Fate just e-mailed a letter to his “Oklahoma buds” in response to questions about his series, how he got started, how he’s progressing, and the realities of publishing, awards and marketing.

Some of the revelations surprised me, honest comments, for example, that sometimes he sells only 5 or 6 books at a signing. In contrast, a best-selling author like Lee Child sells a book somewhere in the world every 6 minutes. There are 49 glowing reviews on Fate’s web site, but he is still working toward a backlist. With his permission, I am posting his letter tomorrow (Sunday) as Part 2.

In back and forth e-mails, Fate added this about Lee Child and marketing:

“I was at an event where he spoke to an audience of 200+ mystery readers. He asked them to be honest about how many had ever read one of his books and maybe two dozen hands went up. He said he wasn't surprised and that's when he mentioned how his books were selling around the world. He said the lesson to any writer of mystery was that the marketing never stops … If you want to disappear as an author, quit marketing, quit contacting people, be too busy to go out and meet bookstore owners or go to conventions, and you'll get your wish.”

Fate’s crime writing career is just the latest chapter in a colorful life. Here’s his bio from his web site:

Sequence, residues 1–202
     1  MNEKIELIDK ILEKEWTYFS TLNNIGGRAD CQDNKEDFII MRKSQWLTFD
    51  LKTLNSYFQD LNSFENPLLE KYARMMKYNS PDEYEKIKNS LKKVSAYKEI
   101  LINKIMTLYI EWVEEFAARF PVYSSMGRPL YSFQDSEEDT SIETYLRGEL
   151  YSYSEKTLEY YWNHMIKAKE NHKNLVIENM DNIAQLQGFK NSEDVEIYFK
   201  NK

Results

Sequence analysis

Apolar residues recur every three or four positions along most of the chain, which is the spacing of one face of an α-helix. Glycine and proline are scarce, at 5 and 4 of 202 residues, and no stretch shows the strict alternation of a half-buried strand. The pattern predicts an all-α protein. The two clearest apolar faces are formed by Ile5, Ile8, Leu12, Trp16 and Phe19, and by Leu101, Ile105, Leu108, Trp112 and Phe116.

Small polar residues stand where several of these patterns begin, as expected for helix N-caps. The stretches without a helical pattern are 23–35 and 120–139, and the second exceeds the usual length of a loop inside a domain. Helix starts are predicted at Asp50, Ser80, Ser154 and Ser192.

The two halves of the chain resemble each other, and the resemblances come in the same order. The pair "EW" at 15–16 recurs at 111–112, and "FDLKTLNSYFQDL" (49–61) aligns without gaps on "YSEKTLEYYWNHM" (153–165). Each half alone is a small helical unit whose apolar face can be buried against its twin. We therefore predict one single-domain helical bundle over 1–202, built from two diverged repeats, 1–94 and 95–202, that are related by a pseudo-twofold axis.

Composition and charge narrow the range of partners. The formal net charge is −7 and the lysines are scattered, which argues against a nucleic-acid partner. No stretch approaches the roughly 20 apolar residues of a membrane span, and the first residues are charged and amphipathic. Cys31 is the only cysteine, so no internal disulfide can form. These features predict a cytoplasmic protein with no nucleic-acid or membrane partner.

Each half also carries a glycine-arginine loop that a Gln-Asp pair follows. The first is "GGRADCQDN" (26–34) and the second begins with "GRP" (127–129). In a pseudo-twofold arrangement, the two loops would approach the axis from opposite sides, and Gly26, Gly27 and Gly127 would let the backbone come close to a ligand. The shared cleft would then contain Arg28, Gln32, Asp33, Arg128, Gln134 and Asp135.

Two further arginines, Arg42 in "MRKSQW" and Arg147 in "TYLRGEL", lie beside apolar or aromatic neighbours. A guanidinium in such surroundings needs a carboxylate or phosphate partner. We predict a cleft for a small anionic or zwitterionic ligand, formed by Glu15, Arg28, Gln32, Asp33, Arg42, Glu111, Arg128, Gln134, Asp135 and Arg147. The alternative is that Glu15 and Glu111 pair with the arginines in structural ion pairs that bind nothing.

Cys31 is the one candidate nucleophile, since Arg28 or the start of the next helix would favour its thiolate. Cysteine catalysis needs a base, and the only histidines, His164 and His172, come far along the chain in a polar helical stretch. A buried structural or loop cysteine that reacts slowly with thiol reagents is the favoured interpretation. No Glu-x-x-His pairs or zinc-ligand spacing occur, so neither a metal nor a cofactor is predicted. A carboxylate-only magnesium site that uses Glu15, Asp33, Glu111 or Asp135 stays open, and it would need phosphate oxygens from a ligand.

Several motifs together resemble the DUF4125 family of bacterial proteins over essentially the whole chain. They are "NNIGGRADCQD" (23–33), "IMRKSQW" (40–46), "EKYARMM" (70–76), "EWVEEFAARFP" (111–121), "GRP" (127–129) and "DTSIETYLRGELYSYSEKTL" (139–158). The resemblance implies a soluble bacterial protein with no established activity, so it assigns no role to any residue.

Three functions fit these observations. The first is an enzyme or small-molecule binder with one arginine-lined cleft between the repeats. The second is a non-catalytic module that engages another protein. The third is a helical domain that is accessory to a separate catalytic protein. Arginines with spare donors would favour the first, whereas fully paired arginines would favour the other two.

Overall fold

I'm a Marine Corps veteran who lived in Paris, studied at the Sorbonne, and can mangle the French language with the best of them. In my murky past, I have worked as an oilfield rough neck on a Texaco rig in Northeastern Oklahoma and a TV cameraman in Oklahoma City.

I was a fashion model in New York City for a few years to earn a living while I co-authored a stage play with my buddy Don Chastain. We never sold it. I was a project manager and later a sales exec in Las Vegas after working as a chef in a Los Angeles restaurant, where Gourmet Magazine asked for my Gingerbread recipe -- actually, it was my grandmother's recipe.

Along the way, I owned a company that airbrushed flowers on silk for the garment industry, and then I wrote scripts for the soap opera Search for Tomorrow. With the support and encouragement of Bruce Cook, a good friend, I produced an independent feature film. As a Hollywood special effects technician, I won an Academy Award for Technical Achievement.

I live in Los Angeles with my wife Fern, a yoga enthusiast and ceramic artist. Our fabulous daughter Jenny is a senior at USC. We have a dog, four cats, and a turtle named Pharrell.

The books in my crime series are: BABY SHARK; Baby Shark's BEAUMONT BLUES; Baby Shark's HIGH PLAINS REDEMPTION; and Baby Shark's JUGGLERS AT THE BORDER. Some think of my writing as hard-boiled. Personally, I believe I write cozies with a few brutal murders. It's all point of view, isn't it?

You can download a free copy of BABY SHARK’S BEAUMONT BLUES at Fate’s web site:

Tomorrow: Robert Fate: Making His Own Luck, Part 2.


Mark W. Danielson said...

I've met Robert several times and he's a gem. Always interesting to talk to and interesting in hearing what others have to say. Thanks for sharing, Pat.

Anonymous said...

He's one of the good guys in this business. Maybe it's a case of perspective. He had been there/done that long before he started writing mysteries. Maybe this is just a challenge that he loves.

Pat Browning